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Mathematical Modeling Can Limit Tumor Cell Growth

Limit Tumor Cell Growth

Cancers are identified as dynamic and complex systems because they consist of many interconnected parts and have the ability to transform over time and space. In this sense, cancer can be compared to weather because the latter is one of the most complex and dynamic systems known to man. Having seen the concealed parallels between the weather and cancer, researchers from the Moffitt Cancer Center have started to use mathematical methods in order to find new ways to understand and defeat cancer. Cancer Research May issue included the cover article from Moffitt Cancer Center’s team which showed how mathematical modeling can predict the response of tumor cells to the changing environment. They have identified that by using mathematical models it is possible to change the environment in order to influence the growth of less aggressive cancer cells, thus decreasing the number of aggressive and fast growing tumor cells.

Each tumor consists of numerous populations of cells. The combination of mathematical and experimental studies used by the Moffitt researchers recognized two cell populations that usually co-exist in tumors. The first type is the aggressive one which invades surrounding space creating metastases and the second type which consists of less aggressive and non-invasive cells that stay in one place. They have seen from their experiments that usual cancer that develops in mice consists more from invasive cells that have a strong survival advantage over less aggressive cells.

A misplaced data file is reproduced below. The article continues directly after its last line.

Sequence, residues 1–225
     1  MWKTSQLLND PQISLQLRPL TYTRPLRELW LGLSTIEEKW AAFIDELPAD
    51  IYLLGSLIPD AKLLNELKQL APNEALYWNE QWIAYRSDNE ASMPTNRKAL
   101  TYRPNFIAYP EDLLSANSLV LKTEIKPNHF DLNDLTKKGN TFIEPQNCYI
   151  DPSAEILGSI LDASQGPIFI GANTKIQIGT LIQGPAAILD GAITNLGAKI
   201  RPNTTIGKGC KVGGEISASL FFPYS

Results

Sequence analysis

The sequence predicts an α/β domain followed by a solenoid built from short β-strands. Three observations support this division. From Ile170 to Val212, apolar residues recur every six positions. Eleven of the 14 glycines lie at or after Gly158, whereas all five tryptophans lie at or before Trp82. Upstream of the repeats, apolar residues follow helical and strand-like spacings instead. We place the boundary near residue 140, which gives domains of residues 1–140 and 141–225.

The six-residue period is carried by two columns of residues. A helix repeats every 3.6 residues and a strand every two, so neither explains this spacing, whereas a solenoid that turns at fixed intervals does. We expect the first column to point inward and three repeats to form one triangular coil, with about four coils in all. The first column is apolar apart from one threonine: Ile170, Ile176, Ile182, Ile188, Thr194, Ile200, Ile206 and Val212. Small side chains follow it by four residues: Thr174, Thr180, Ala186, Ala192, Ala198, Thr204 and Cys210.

However, according to the evolutionary principals, actions and behaviors of any organism is it human, animal, plant, or a tumor cell have its pros and cons. Although aggressive tumor cells have their advantage which is invading surrounding space, they also have their drawbacks: amplified vulnerability to variations in resources and environment. The researchers were able to predict that minor changes in pH in the tumor could reduce invasive cells’ survival advantage giving more power to non-invasive cells.

Experiments on mice with prostate cancer confirmed the predictions of Moffitt researchers when they have changed pH of mice’s prostate tumor environment by adding sodium bicarbonate to their drinking water. As a result, non-invasive cells obtained the survival advantage over invasive ones which led to reducing of tumors in the prostate and fewer metastases. The analogous results were obtained during the experiments with breast cancer.

“Butterfly effect” inherent to all dynamic complex systems, suggests that butterfly flying in India can cause a tornado in Colorado. Such explanation of the butterfly effect is given to show that complex systems are too complicated and can’t be controlled. In contrast with this, Moffitt investigators have shown that complex systems also have the tendency to amplify some small trepidation (i.e. flight of the butterfly) in fact can be exploited. Moffitt team demonstrated that mathematical models combined with ample understanding of different factors that influence the eco-evolutionary dynamics can make complex systems more understandable. From that point, it is possible to influence them in the desired way.

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